Crowdtap News, Research & Reports

“Wait, what??” – and other reactions from Crowdtap’s Oscars Live Poll

Last night, we tuned in to watch the 89th Academy Awards, which were pretty status quo until that crazy last-second mix up. Our members tuned in, too, responding to live polls launched throughout the evening. We talked about everything from red carpet fashions to winner predictions, commercials to political statements.

B2B - Oscars Teaser

Our first poll went live around 6:30 pm, as the red carpet pre-shows kicked off, and our last was asked around 12:15 am, riiight as the cast and crew of “La La Land” handed over their statues to that of “Moonlight”…

We polled a random sample of 500 people between the ages of 13 and 75, distributed evenly between males and females. An average of about 350 people were actively engaged throughout the show.

In case you missed our live posts on Instagram at @CrowdtapBiz and @Crowdtap, here’s a recap of what we learned:

Millennials were more likely to watch, and to watch via livestream.

55% of millennials (18-34) said they were tuning in to the award show, while less than half of older respondents (35-75) said they would.

The younger generation was also more likely to watch via livestream: 26% were watching either on a computer via ABC or on social media like Facebook Live and Instagram Live.

The red carpet is as much of a draw as the actors or films are to tune in.

We found that, among those who watch the Oscars, red carpet fashion was almost as important a motivator as the film nominations. 36% said they watched for the nominated films, 34% for the fashion, and 30% for the nominated actors. Fashion and film were tied at 35% as motivators to watch for millennials.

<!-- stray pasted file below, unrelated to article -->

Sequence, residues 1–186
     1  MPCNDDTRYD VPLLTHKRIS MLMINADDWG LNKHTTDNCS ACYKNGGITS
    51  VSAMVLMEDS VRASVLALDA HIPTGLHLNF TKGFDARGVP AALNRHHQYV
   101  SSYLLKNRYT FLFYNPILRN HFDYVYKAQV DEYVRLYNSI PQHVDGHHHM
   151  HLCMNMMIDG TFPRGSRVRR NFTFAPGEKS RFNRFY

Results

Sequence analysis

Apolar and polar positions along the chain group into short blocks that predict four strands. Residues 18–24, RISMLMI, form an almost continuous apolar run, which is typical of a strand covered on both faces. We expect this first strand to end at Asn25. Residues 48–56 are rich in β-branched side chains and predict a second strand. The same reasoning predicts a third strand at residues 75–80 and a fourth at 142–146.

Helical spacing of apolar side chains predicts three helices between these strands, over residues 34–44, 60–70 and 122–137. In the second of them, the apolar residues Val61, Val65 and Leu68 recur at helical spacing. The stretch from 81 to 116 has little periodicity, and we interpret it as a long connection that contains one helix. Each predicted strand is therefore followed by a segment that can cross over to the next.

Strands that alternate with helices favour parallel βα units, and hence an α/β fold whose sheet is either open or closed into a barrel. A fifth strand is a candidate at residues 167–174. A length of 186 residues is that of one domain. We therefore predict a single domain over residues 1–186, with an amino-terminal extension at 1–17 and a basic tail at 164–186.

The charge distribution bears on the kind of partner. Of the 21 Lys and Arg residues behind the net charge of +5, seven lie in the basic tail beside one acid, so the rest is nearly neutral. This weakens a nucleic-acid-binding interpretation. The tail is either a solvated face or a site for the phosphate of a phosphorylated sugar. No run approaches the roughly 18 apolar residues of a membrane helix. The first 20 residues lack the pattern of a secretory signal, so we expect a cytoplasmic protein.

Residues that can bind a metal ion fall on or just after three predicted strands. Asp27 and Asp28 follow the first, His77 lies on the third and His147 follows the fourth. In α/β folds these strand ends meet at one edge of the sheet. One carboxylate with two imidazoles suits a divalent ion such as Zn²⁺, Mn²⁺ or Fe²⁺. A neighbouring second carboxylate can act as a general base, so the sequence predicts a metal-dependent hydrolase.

Political speeches were “Eh”.

Among all respondents, most don’t care much about political statements during acceptance speeches – 37% said they felt neutral about the political undertones in many of last night’s speeches.

For millennials, 41% felt neutral about political sentiments, but a larger portion (28% vs. 25% of all respondents) said that they love political speeches.

There were some surprises.

Most of our respondents were rooting for “La La Land”, so a few of the wins came as a surprise.

40% thought Ryan Gosling would win the statue for Best Actor. The actual winner, Casey Affleck, had votes of confidence from only 10% of our audience!

34% also believed “La La Land” would take home the award for Best Picture…which it almost did. “Moonlight” ended up the winner after an awkward mistake; only 4% of respondents thought it would win, and less than 10% had seen it.

But, there were also a few correct assumptions: 47% said Emma Stone would win the award for Best Actress, and 43% said La La Land would take home the biggest trophy haul. The movie – which tied “Titanic” and “All About Eve” as the most nominated film in Oscar history with 14 nods – ended up winning six awards.

And how about that ending?

After a mostly status quo night, a little slip up by someone backstage caused Faye Dunaway to announce “La La Land” as the winner of the Best Picture award – which it was not. Halfway through the speeches, they awkward correction came down, giving the win to “Moonlight”.

Our members reacted as expected, with a big “Wait, what??” by 34% of people. 14% were excited, saying Moonlight deserved the win, but overall the sentiment was confusion and surprise.

Catch our Instagram Story before it expires at 6:30 pm on 2/27!

Want rich, robust, and easily-segmented data like this for your brand, fast? Get in touch!

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